• Despite being surrounded by ocean, the Palm Island community has struggled to have clean drinking water. (NITV)Source: NITV
For the second time in six months, the isolated community in north Queensland is unable to drink the tap water.
Ella Archibald-Binge

6 May 2019 - 2:45 PM  UPDATED 6 May 2019 - 2:45 PM

Palm Island Mayor, Alf Lacey, has called on the state government to find a long-term solution to fix the water quality in the north Queensland community of Bwgcolman (Palm Island)

The Bwgcolman council issued an emergency notice on Saturday, urging residents not to drink or cook with the discoloured tap water. 

It's the second time the community has been forced to rely on bottled water in six months. When similar issues were reported in November, the state government said it should take six weeks to fix.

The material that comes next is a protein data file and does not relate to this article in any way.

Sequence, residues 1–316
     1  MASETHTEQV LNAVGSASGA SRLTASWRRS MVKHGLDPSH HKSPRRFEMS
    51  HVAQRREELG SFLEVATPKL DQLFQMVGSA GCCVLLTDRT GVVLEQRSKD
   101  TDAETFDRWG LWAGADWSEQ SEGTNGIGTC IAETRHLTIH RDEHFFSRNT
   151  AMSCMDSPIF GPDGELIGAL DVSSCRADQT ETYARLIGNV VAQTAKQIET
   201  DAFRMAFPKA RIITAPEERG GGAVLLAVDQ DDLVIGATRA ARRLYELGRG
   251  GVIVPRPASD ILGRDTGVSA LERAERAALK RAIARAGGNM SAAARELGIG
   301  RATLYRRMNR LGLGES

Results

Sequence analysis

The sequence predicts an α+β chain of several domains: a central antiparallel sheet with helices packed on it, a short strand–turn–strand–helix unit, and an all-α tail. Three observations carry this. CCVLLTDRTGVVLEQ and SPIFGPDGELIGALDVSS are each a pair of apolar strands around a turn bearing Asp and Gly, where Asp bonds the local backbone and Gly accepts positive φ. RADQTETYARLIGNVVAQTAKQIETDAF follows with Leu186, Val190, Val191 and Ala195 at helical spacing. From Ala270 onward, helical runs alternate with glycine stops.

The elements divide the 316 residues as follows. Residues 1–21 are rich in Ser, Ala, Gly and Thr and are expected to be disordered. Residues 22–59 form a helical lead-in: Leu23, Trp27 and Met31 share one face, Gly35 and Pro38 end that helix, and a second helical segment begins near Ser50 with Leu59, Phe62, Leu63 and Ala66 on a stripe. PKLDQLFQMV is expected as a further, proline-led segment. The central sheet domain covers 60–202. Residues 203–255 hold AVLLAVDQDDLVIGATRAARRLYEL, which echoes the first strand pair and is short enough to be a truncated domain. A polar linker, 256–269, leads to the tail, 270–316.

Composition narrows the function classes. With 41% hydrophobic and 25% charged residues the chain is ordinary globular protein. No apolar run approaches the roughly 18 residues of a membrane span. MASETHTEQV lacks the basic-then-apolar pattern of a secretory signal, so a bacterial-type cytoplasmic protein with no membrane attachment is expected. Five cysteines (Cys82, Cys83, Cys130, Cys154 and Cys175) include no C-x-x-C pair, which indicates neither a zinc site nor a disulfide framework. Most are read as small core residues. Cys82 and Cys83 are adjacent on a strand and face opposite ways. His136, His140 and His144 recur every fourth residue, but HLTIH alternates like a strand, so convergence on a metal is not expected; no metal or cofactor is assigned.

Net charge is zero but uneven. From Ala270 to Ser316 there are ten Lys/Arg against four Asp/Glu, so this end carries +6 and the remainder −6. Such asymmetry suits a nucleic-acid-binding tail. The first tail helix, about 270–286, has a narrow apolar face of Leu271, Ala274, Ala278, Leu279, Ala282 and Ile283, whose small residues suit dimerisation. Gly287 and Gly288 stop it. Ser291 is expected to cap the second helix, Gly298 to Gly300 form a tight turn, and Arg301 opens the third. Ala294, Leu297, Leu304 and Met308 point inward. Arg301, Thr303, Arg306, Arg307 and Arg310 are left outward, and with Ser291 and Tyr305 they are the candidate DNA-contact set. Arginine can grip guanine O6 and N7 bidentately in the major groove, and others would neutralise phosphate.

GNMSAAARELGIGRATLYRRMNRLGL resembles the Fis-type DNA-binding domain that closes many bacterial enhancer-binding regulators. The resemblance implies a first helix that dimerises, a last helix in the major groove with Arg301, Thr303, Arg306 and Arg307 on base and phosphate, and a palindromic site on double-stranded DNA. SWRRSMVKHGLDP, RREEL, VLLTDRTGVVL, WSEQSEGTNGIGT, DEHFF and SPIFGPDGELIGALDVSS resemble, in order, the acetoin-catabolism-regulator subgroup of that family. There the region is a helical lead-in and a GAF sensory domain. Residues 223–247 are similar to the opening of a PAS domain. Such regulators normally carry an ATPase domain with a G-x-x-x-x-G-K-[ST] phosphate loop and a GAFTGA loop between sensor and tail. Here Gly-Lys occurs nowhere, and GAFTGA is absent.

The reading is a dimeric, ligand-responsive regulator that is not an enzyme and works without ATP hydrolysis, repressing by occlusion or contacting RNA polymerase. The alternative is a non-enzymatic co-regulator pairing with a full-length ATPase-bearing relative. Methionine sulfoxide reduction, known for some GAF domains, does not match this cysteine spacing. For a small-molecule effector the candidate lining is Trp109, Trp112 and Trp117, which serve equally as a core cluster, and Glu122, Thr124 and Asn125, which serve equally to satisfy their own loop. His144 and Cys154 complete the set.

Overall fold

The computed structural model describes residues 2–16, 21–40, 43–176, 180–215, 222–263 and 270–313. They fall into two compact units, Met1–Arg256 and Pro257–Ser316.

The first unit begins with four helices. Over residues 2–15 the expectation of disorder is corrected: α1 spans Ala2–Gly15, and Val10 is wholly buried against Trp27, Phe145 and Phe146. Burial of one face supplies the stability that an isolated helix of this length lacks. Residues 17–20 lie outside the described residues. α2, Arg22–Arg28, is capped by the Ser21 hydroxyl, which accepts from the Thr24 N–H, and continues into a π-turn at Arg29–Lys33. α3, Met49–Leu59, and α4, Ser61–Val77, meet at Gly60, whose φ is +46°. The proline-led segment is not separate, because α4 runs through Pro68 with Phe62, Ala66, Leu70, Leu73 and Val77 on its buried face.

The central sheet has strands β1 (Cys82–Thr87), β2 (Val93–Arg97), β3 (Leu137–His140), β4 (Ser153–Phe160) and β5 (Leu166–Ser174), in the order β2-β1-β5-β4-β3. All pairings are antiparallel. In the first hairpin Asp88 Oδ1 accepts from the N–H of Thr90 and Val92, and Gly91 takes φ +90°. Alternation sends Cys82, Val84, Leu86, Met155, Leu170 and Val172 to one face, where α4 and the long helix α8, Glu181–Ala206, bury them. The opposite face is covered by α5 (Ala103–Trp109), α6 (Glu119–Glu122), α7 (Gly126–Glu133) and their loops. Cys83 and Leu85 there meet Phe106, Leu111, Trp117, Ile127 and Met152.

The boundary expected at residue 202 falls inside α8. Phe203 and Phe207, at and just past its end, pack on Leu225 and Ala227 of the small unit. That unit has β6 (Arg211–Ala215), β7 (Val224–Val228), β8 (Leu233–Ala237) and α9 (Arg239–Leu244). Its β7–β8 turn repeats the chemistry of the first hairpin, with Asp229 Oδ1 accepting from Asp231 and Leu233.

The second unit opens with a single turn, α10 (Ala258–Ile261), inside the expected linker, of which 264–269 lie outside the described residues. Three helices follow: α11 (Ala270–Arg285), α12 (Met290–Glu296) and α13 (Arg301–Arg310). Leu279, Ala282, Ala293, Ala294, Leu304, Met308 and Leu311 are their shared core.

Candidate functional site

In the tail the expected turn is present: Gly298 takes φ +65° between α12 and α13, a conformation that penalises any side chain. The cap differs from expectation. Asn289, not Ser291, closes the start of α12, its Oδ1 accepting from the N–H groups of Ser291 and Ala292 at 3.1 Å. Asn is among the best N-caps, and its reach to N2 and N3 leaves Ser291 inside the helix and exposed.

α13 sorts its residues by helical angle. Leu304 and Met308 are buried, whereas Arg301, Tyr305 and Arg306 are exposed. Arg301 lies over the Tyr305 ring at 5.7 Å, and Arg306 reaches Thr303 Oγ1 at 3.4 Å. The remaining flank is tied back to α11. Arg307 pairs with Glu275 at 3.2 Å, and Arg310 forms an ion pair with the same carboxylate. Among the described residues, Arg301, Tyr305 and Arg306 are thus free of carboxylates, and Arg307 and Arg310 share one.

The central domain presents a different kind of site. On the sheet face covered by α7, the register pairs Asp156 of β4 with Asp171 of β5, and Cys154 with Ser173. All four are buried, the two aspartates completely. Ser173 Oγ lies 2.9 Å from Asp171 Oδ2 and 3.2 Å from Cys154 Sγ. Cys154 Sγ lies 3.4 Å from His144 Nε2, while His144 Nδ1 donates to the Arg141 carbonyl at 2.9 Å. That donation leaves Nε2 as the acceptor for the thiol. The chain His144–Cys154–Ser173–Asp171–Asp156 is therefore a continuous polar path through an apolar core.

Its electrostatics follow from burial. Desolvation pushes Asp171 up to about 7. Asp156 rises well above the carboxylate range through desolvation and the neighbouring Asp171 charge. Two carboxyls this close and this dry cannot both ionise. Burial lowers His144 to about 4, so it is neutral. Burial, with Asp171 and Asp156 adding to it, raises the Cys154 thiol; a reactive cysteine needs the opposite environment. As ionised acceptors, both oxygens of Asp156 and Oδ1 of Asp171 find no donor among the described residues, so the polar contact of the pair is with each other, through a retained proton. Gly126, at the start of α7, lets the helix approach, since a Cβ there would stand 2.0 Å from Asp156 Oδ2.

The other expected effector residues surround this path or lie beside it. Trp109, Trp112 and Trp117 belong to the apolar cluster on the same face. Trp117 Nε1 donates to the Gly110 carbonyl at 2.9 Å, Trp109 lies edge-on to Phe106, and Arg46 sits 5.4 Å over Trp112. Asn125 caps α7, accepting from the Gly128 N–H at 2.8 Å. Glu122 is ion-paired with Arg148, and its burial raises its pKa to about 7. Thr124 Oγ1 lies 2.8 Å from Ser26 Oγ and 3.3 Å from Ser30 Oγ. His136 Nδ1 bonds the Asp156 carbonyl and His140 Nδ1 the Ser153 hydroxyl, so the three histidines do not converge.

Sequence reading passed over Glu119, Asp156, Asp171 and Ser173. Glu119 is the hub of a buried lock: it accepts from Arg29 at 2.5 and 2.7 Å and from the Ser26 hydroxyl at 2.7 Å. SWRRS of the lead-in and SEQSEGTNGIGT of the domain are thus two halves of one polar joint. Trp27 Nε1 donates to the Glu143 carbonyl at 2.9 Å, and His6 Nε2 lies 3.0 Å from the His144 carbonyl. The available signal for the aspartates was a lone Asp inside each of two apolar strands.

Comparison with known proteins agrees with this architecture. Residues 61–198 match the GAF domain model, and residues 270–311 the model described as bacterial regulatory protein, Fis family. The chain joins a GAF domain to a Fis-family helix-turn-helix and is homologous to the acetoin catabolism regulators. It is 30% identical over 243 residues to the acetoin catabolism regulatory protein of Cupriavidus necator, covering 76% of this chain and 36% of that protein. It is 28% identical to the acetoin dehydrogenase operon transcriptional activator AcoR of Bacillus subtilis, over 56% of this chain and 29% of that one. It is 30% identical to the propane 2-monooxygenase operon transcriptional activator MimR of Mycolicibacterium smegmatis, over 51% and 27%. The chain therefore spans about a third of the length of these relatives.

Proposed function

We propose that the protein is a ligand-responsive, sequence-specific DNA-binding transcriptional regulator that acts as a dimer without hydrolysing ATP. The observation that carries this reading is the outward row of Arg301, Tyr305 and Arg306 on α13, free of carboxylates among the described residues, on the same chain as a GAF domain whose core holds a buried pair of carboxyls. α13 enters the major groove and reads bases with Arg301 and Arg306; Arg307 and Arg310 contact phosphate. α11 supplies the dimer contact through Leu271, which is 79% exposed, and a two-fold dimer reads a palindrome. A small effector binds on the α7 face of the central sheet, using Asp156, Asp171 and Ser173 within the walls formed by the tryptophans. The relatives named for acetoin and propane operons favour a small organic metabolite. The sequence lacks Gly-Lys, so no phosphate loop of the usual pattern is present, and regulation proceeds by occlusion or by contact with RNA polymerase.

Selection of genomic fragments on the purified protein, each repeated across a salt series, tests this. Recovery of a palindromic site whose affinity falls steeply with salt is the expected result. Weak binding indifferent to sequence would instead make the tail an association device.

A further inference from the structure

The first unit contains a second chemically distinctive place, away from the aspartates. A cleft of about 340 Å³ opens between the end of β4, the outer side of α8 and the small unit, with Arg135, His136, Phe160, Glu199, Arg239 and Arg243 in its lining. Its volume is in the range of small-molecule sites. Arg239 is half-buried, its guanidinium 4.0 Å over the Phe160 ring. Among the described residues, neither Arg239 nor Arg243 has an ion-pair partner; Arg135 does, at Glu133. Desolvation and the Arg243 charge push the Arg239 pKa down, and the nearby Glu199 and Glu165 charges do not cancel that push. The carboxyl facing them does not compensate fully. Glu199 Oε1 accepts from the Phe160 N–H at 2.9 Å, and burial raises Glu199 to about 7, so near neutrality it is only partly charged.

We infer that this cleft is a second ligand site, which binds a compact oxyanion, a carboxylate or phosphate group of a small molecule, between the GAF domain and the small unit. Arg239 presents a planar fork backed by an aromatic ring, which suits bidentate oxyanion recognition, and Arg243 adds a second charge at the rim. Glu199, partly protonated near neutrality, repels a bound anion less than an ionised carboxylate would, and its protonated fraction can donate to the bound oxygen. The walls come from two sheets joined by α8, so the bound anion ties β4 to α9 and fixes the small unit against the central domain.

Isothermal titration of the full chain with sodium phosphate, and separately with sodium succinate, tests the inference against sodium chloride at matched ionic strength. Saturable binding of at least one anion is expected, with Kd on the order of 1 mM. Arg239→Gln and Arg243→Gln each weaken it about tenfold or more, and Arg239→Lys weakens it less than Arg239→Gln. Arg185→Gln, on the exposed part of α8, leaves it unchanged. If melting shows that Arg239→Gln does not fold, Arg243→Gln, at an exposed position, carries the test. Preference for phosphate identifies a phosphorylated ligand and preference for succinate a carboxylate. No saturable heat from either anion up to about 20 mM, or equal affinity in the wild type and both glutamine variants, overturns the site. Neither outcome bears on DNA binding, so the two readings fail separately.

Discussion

A $1.4 million water treatment plant was installed on Bwgcolman in 2017 in a bid to alleviate its water quality issues. 

But Mr Lacey said the problem likely stems from ageing infrastructure, such as the reservoir tank and water pipes, which were installed more than 50 years ago. 

He's called on Local Government Minister, Stirling Hinchliffe, to find a long-term solution. 

"I think we need to seriously get a proper assessment in terms of the ageing assets in our community," Mr Lacey told NITV News.

"Rather than later, I’d prefer to see some action done a lot sooner and call on the minister to put some action in place to deal with it, otherwise we’ll have constant problems."

A spokesman for Mr Hinchliffe said engineers from the Department of Local Government would visit the island on Wednesday to discuss how state infrastructure funding could help the council manage the issue.

"The Department is aware of the current situation with the Water Treatment Plant and has been in regular contact with the Council’s engineer and has provided assistance where required," he said in a written statement.

Home to around 3000 people, Bwgcolman is two hours from Townsville by ferry. 

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